Why Hollywood won't cast Jennie Garth anymore

Jennie Garth's career began as a small role on the '80s sitcom Growing Pains and eventually evolved into the actress starring as Kelly Taylor on Melrose Place. When it came time for the show's creators to craft a spin-off program, they immediately brought Garth's character on board to star in the teenage drama series, Beverly Hills, 90210. Her portrayal of the promiscuous and troubled teen snagged her a Young Artist Award, and when the series came to an end in 2000, it seemed a given that lucrative acting gigs would continue to fall right into her lap, and that's exactly what happened when she was cast alongside Amanda Bynes in the 2002 WB sitcom, What I Like About You

But despite her enormous talents, Garth has struggled to maintain the level of success she experienced during her heyday and has fallen off the radar in recent years. Many of her projects have bombed, and she's been delegated to the role of a guest star on various shows. We're scratching our heads in confusion while trying to ascertain just what happened to her career. Here are a few theories as to why Hollywood seemingly won't cast Jennie Garth anymore.

She dissed the 90210 reboot

Those who witnessed the primetime magic that Beverly Hills, 90210 brought to television screens were even more excited when the program was rebooted in 2008. Simply called 90210, the revamped series hired Garth to reprise her role as Kelly Taylor, who'd grown up to be a guidance counselor and a single mom of one. 

During an interview with Just Jenny (via E! News), Garth and fellow Beverly Hills, 90210 co-star Tori Spelling discussed the reboot's cast. Garth did not have good things to say about her colleagues. "That's an example of a cast that really didn't have that chemistry," she said. "It's hard to find actors who have that [chemistry]," she said, "It's like lightning in a bottle, you either have it or you don't." Maybe she was right, considering the show was canceled after its fifth season due to abysmal ratings, but either way, bashing other actors isn't the right way to get on the industry's good side. It's more like a surefire way to leave a stain on your own reputation.

Her show bombed

We had high hopes for Jennie Garth when she signed on to appear in the ABC Family show Mystery Girls alongside Tori Spelling. The show was a remake of the 1990s program of the same name, and the blonde beauties were cast to play the roles of two detectives. With Spelling as the ditzy Holly Hamilton and Garth as the headstrong Charlie Contour, we had high hopes that the series would be successful. Alas, viewers weren't impressed. 

The show premiered in 2014 with a disappointing opening of 760,000 viewers, and by the last episode, it was evident that Mystery Girls was a flop. TV Line reported the final show only brought in "slightly more than 500K viewers and a .024 demo rating." In layman's terms: It was a flop and canceled after one season. Clearly, if Garth's starring vehicle wasn't compelling viewers to tune in week after week, it's no wonder Hollywood may be hesitant to sign her to bigger projects.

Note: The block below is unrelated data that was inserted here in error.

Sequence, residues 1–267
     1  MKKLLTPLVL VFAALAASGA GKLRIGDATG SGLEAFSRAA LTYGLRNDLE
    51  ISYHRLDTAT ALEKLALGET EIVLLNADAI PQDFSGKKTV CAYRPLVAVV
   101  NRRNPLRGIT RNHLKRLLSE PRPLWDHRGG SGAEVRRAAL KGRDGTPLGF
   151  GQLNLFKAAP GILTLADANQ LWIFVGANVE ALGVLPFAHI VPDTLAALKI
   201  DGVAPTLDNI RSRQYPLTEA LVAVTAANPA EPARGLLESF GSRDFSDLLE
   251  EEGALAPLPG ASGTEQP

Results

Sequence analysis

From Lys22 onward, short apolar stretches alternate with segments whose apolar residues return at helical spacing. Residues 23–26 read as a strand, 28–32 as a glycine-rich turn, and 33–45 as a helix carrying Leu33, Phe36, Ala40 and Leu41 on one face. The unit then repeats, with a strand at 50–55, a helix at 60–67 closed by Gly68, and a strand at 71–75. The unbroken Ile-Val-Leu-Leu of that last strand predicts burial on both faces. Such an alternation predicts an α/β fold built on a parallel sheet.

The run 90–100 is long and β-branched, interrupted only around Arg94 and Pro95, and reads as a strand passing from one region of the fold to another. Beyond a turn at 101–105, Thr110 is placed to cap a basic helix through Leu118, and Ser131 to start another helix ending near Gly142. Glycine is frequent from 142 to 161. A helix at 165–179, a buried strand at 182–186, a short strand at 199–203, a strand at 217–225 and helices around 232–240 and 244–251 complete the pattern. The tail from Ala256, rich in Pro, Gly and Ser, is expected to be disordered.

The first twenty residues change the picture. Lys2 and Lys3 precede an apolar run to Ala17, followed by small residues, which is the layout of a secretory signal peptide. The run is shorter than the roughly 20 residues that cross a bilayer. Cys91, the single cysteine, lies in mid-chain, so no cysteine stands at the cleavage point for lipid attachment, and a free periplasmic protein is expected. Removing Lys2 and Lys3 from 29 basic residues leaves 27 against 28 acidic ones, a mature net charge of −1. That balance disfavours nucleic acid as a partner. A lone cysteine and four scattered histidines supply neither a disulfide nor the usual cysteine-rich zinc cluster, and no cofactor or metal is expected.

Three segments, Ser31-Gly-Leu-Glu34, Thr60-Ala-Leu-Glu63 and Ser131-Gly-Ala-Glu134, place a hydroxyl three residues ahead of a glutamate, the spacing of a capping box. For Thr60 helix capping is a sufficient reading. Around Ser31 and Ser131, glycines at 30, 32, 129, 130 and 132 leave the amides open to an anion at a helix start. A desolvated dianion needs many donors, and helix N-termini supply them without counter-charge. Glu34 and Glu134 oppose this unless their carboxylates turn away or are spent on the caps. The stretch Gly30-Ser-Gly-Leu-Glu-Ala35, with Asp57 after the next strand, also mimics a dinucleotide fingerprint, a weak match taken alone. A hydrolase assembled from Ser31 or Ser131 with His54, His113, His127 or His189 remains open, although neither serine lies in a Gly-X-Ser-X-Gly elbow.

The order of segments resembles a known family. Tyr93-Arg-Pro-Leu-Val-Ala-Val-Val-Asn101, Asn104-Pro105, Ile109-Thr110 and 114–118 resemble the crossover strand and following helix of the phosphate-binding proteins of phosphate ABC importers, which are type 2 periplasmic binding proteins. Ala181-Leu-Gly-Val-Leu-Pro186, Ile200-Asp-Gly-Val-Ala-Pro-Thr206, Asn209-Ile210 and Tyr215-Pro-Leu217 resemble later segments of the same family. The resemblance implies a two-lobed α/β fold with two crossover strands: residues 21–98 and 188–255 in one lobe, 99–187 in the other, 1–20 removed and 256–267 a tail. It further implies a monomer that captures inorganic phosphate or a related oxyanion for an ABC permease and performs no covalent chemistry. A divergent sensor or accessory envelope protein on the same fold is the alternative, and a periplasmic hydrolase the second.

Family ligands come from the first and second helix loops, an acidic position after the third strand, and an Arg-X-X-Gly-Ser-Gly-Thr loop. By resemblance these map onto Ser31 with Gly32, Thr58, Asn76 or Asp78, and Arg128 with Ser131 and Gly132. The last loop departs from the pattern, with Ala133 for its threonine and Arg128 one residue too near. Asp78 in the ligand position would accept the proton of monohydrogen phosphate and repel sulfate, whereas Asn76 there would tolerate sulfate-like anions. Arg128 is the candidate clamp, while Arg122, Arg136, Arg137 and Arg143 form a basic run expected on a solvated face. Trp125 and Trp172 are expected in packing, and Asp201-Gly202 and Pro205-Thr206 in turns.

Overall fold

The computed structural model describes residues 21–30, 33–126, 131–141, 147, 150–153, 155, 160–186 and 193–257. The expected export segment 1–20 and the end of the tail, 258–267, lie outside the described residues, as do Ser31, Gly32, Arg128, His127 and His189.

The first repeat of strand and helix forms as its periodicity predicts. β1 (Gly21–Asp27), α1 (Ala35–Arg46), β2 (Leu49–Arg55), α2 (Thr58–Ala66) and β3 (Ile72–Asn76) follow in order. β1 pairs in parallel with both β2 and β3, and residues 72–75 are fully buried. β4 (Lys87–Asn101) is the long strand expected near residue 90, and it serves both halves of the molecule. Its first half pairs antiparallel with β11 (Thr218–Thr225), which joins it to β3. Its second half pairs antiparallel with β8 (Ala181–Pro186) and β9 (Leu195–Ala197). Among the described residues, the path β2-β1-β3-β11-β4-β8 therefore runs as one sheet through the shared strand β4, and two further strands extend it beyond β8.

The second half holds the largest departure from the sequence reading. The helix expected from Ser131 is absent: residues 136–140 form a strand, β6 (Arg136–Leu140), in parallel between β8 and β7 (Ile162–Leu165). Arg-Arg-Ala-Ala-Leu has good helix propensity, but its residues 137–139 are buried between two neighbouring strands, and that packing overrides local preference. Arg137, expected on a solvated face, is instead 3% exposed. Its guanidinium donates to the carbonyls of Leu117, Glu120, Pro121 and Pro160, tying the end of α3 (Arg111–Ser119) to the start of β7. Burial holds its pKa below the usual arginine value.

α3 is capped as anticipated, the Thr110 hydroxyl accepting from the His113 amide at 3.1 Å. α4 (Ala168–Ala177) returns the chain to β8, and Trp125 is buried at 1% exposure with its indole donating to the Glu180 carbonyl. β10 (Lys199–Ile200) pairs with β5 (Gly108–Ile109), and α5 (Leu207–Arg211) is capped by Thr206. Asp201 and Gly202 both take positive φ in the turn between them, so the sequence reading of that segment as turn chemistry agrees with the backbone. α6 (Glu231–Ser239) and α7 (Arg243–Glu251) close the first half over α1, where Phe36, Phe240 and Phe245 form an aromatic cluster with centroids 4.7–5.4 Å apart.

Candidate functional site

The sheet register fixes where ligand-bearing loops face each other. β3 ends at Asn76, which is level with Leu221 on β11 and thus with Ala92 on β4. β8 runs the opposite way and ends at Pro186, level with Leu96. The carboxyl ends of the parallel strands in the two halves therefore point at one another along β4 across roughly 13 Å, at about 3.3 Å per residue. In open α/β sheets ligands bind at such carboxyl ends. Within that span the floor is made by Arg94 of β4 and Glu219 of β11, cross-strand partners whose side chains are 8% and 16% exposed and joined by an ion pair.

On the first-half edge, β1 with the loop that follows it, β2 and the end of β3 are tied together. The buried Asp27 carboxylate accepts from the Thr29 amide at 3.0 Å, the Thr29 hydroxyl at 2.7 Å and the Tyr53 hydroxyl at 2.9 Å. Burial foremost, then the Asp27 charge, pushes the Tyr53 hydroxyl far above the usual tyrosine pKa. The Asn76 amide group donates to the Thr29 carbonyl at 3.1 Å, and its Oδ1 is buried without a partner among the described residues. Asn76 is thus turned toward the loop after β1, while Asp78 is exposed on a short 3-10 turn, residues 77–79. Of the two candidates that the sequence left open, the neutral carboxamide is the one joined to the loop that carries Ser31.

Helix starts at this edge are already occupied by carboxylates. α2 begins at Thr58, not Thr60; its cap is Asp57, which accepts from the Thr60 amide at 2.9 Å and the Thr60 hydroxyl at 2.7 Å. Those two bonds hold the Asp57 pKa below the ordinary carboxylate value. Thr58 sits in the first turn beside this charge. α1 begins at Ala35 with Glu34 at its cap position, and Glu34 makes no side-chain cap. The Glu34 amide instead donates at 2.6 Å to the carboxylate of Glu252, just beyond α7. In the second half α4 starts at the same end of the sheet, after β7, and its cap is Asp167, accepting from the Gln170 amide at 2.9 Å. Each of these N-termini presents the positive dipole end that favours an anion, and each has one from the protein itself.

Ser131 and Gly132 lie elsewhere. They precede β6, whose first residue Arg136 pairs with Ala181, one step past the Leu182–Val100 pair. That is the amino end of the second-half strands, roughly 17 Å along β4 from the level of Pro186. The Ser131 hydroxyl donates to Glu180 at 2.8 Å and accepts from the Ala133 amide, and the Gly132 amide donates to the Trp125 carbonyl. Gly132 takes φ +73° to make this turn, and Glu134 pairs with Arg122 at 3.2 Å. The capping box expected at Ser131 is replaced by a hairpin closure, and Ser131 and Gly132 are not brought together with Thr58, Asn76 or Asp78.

Reality tv might be more her speed

Perhaps Hollywood isn't done with Jennie Garth. Maybe she's is the one who's done with Hollywood! The actress has parlayed her career into several reality TV stints, including an appearance with her brood on Celebrity Family Feud and an appearance on Are You Smarter Than a 5th Grader? (She was, BTW). The actress shook her tail feather on Season 5 of Dancing With the Stars, and she even starred in her own CMT series called Jennie Garth: A Little Bit Country. On the latter, Garth dealt with the aftermath of her divorce from Peter Facinelli, while raising her children on a farm two hours outside of Los Angeles, far away from the industry that made her a household name. 

"I grew up in rural Illinois, so it was sort of like returning to my roots. I just felt like I needed to go back to where I came from. I wanted my girls to experience that sort of childhood," she told Entertainment Weekly. We're all for getting away from the hustle and bustle of Tinseltown, but if Garth does want to raise her profile in Hollywood, she may need a shorter commute. 

She turned into a 'depressed person'

As her 11-year marriage to Twilight star Peter Facinelli unraveled at the seams, Garth told People, "I spent a couple of years lying in bed and being depressed … It was that 'I can't breathe' pain. Physically I didn't look my best, and mentally I didn't feel my best." It wasn't until her daughters, Luca, Lola, and Fiona, showed her a video that was recorded during the family's Christmas celebration that Garth realized how bad things had gotten. She said she was absolutely shocked to see the image of the "depressed person" she had turned into. 

She decided to put her health first, and she started by taking care of herself from the inside out. In a follow-up interview with People in 2012, the actress revealed that she dropped "30 30 lbs. of dead weight" and a whole lot of negativity. "Even through the ups and downs, I'm happy," she said. "I'm thankful to be alive." These personal struggles likely had a significant impact on Garth's professional opportunities, but we applaud her for prioritizing her mental and physical health.